It has been six years since the Irish Cabinet approved the Children and Family Relationships Bill – which at the time Taoiseach Enda Kenny described as “the most important change in family legislation since the foundation of the State.” But what has actually changed for LGBTQ+ families since the CFRA was passed, and what still needs to be done?
In 2015, Labour TD, John Lyons described, “The Children and Family Relationship Bill, when enacted, will ensure Family Law in Ireland will reflect the modern society we live in.
“There are many types of family units and for far too long Irish Family Law has simply airbrushed families, other than the ‘traditional’ family, out of existence. This has resulted in many parents and their children being nothing more than second-class citizens.
“This Bill will address the needs of children living in diverse family settings. It will provide access to parentage, guardianship, custody and access to a range of family situations that are not currently recognised in our laws.”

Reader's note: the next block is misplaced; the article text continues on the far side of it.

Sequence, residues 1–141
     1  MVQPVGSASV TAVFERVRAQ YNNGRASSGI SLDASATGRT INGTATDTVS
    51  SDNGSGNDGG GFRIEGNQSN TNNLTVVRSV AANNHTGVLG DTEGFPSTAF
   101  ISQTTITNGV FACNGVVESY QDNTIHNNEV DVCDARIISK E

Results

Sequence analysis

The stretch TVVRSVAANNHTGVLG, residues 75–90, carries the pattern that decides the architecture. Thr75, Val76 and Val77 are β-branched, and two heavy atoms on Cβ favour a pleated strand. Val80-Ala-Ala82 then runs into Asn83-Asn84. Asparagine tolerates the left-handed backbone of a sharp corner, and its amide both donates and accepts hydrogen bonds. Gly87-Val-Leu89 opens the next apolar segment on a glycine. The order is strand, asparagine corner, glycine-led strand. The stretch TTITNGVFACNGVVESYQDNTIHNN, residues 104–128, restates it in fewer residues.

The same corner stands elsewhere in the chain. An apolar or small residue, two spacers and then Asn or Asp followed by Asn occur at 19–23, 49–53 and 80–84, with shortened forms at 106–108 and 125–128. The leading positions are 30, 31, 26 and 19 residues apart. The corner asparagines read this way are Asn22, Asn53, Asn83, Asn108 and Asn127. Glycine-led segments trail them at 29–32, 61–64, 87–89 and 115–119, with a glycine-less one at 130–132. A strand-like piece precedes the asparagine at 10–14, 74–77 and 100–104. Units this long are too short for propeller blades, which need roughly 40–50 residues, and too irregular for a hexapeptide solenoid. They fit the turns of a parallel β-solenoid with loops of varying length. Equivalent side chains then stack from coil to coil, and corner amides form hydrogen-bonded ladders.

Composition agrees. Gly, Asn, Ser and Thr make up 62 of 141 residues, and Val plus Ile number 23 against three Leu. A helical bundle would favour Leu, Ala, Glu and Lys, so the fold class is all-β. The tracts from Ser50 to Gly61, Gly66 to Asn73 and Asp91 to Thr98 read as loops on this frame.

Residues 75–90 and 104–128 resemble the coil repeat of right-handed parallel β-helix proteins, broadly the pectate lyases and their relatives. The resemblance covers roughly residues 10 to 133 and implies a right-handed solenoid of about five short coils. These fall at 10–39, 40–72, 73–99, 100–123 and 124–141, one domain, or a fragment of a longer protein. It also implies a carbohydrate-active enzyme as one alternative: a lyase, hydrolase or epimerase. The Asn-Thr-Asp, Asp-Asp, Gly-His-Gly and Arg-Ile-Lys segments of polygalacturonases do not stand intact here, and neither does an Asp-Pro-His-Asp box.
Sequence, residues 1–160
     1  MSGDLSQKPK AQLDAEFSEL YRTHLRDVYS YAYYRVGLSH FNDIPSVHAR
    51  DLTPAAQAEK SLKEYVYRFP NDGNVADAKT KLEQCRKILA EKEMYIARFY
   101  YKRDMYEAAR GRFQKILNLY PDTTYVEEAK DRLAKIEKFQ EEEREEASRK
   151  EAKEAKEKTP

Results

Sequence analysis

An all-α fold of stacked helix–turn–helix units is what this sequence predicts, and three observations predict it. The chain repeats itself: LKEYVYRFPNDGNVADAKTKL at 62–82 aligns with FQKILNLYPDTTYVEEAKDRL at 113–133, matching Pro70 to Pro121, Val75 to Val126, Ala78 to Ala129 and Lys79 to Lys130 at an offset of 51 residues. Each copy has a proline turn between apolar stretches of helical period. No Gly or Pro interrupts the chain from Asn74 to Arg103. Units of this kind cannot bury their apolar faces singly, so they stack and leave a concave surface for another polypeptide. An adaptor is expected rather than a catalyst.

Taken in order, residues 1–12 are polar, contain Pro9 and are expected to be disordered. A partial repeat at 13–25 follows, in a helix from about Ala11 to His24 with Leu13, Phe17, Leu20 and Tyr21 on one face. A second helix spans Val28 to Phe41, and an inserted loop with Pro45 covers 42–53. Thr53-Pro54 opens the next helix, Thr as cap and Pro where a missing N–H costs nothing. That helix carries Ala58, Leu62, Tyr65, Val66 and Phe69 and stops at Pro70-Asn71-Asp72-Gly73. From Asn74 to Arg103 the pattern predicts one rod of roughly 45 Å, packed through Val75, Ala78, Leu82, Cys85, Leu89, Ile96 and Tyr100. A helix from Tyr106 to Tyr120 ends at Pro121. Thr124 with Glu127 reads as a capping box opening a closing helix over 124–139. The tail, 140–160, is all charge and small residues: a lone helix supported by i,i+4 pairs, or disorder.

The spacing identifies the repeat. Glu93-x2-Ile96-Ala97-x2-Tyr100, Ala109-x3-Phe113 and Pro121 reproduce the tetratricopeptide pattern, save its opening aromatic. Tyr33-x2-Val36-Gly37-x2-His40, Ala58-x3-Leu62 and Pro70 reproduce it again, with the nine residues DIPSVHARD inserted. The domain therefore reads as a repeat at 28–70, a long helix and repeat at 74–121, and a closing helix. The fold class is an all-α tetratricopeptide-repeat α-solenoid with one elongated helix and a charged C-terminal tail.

However, in 2020 it was revealed that while some families may have received legal recognition from the long awaited enactment of parts Two and Three of the Child and Family Relationships Act, many LGBTQ+ families were still left in limbo.
Ranae von Meding, the CEO of Equality For Children – a campaign organised to fight for the rights of children of LGBTQ+ parents in Ireland – shared her concerns on the long way still left to go.
“Today marks six years since the Irish Cabinet approved the Children And Family Relationships Bill. While the CFRA was passed in 2015, ahead of the marriage referendum, it actually took five years before some of those provisions actually came into effect. As of May 2020, certain same-sex couples have been able to re-register their children so that both parents can finally have a legal relationship with their children and benefit from all the protections that brings.
“While there have certainly been huge steps forward to ensure equality for children of LGBTQ+ families, we still have a long way to go until we can say we live in an equal Ireland. At present, any children who are conceived through surrogacy, through non-clinical methods (home insemination), with a known donor or through clinics outside of the state are only allowed a legal relationship to one of their parents. The one who is deemed to be their biological and/or birth parent.
“Equality for Children will not stop until we have achieved equality for all children regardless of the method of their conception or location of their birth. No one is equal until we all are.”
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